"Aboriginal Dancing" was written jointly with Stephen Wild in 1995 as an encyclopedia entry but not subsequently published.

     The final paper in this collection is a "Survey of Australian Literature on Aboriginal Dancing," which first appeared as Appendix 11 in Ten Lectures (1991) but was not included in the second edition (Williams 2004). Providing a balanced presentation of criticism and commendation, the goal of the survey is to identify the unique contribution the study of Australian Aboriginal dancing has to make if allowed to take its place alongside music, theater, and the visual arts. As Williams puts it, "[real] problems now consist of educating and training young Australians of Aboriginal and non-Aboriginal descent to the task of coping with the literature, the theoretical and methodological problems that they inherit in an Australian context, and of encouraging them to contribute to the field at local, national and international fields" (Williams 1991: 361). This educational task has always and everywhere been at the heart of Williams's life-long dedication to the dance and anthropology.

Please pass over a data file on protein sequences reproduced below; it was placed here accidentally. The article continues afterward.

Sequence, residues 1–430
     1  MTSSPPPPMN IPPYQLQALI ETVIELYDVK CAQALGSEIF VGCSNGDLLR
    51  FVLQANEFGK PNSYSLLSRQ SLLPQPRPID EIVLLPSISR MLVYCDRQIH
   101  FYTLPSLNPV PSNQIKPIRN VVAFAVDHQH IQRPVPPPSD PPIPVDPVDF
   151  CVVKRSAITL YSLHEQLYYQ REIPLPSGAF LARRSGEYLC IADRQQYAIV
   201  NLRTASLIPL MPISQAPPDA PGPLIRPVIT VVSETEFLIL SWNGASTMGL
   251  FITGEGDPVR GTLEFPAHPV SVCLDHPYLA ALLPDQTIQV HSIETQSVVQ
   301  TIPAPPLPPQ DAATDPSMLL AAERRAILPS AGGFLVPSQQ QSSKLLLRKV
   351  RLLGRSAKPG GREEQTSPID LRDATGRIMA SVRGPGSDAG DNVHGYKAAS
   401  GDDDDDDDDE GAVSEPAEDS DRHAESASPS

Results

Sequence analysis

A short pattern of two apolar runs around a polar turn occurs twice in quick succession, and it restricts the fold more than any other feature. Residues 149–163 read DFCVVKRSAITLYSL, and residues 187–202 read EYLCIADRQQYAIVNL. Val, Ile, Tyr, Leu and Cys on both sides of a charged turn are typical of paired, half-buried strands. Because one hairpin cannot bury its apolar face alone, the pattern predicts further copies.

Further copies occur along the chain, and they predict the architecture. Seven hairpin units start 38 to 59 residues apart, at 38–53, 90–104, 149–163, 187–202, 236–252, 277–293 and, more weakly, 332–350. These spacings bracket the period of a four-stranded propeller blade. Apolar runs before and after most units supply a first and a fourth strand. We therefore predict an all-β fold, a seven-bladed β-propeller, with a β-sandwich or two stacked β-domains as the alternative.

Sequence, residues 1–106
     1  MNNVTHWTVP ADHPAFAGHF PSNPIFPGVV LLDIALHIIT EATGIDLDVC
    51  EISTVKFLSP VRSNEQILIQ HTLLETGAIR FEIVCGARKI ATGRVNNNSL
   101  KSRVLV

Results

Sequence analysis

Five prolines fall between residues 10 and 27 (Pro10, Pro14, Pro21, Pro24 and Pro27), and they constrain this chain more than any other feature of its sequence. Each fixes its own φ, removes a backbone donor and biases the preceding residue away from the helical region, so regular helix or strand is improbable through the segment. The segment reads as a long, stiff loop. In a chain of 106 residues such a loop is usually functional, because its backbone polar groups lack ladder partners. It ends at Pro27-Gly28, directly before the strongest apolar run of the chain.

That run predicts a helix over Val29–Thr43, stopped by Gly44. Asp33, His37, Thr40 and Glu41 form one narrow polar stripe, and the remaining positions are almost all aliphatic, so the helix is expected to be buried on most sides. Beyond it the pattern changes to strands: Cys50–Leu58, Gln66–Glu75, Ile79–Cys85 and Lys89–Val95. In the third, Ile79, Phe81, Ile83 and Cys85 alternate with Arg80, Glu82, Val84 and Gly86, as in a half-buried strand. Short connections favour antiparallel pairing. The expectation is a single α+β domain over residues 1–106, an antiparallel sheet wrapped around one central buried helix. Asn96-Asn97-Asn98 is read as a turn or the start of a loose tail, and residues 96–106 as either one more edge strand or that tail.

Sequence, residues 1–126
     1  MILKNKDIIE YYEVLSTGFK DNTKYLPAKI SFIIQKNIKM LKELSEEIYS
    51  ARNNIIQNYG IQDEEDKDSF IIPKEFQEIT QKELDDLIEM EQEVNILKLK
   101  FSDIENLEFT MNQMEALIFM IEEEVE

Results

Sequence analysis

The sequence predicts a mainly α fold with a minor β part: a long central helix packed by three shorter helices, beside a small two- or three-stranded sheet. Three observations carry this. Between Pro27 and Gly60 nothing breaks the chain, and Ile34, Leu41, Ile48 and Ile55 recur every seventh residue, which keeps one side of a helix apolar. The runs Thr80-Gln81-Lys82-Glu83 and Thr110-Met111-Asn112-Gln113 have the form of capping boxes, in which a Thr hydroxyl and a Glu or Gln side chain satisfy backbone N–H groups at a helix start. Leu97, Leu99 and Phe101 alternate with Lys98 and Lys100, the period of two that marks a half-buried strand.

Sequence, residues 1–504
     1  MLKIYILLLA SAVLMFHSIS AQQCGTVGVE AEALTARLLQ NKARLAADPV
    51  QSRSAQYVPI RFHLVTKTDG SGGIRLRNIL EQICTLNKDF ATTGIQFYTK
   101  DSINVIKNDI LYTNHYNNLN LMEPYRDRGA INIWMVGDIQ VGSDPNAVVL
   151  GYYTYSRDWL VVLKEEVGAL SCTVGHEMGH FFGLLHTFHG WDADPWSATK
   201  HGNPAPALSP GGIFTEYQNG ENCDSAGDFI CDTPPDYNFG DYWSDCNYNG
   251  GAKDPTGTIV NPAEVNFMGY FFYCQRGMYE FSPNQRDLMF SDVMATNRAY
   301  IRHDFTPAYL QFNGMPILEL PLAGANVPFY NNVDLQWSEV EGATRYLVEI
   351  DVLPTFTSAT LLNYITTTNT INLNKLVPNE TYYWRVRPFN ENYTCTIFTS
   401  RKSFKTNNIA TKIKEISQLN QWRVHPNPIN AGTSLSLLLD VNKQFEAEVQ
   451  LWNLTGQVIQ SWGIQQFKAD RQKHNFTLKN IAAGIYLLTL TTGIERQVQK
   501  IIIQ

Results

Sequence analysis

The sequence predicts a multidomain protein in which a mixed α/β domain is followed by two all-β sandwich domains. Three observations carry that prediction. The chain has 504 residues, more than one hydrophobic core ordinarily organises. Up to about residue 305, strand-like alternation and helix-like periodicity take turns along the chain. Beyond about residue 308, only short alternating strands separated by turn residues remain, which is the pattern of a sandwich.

1 Established in 1964 by an Act of Parliament as AIAS, in 1989 the institute changed its name to "Australian Institute of Aboriginal and Torres Strait Islander Studies." AIATSIS is "a Commonwealth statutory authority within the Department of Industry, Innovation, Science, Research and Tertiary Education portfolio."

References Cited:

Jackson, Anthony (ed.)
1987. Anthropology at Home. ASA Monographs 25. London: Tavistock.

Williams, Drid
1975. Brides of Christ. In Perceiving Women (ed. S. Ardener) London: Malaby Press: 105–26.
1975. The Role of Movement in Selected Symbolic Systems. Unpublished, D. Phil. thesis, University of Oxford, U.K.